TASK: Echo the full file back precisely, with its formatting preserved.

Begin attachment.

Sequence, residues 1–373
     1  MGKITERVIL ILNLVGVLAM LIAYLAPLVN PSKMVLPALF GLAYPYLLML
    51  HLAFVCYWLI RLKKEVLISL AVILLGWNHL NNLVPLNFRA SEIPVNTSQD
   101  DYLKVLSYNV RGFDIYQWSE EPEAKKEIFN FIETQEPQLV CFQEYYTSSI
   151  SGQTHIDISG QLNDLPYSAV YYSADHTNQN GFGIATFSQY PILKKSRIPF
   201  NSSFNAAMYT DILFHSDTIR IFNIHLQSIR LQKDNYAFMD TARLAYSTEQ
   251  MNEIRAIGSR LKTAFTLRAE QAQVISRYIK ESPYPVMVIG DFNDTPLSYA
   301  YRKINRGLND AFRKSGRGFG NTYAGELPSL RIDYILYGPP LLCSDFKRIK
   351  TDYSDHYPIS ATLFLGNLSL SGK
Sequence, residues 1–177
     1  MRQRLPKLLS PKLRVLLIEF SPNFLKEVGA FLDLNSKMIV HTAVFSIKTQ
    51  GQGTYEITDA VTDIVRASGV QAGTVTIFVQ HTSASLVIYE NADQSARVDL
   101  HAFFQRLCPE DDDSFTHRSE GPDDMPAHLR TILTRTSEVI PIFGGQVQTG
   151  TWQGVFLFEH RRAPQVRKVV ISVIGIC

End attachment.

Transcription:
Sequence, residues 1–373
     1  MGKITERVIL ILNLVGVLAM LIAYLAPLVN PSKMVLPALF GLAYPYLLML
    51  HLAFVCYWLI RLKKEVLISL AVILLGWNHL NNLVPLNFRA SEIPVNTSQD
   101  DYLKVLSYNV RGFDIYQWSE EPEAKKEIFN FIETQEPQLV CFQEYYTSSI
   151  SGQTHIDISG QLNDLPYSAV YYSADHTNQN GFGIATFSQY PILKKSRIPF
   201  NSSFNAAMYT DILFHSDTIR IFNIHLQSIR LQKDNYAFMD TARLAYSTEQ
   251  MNEIRAIGSR LKTAFTLRAE QAQVISRYIK ESPYPVMVIG DFNDTPLSYA
   301  YRKINRGLND AFRKSGRGFG NTYAGELPSL RIDYILYGPP LLCSDFKRIK
   351  TDYSDHYPIS ATLFLGNLSL SGK
Sequence, residues 1–177
     1  MRQRLPKLLS PKLRVLLIEF SPNFLKEVGA FLDLNSKMIV HTAVFSIKTQ
    51  GQGTYEITDA VTDIVRASGV QAGTVTIFVQ HTSASLVIYE NADQSARVDL
   101  HAFFQRLCPE DDDSFTHRSE GPDDMPAHLR TILTRTSEVI PIFGGQVQTG
   151  TWQGVFLFEH RRAPQVRKVV ISVIGIC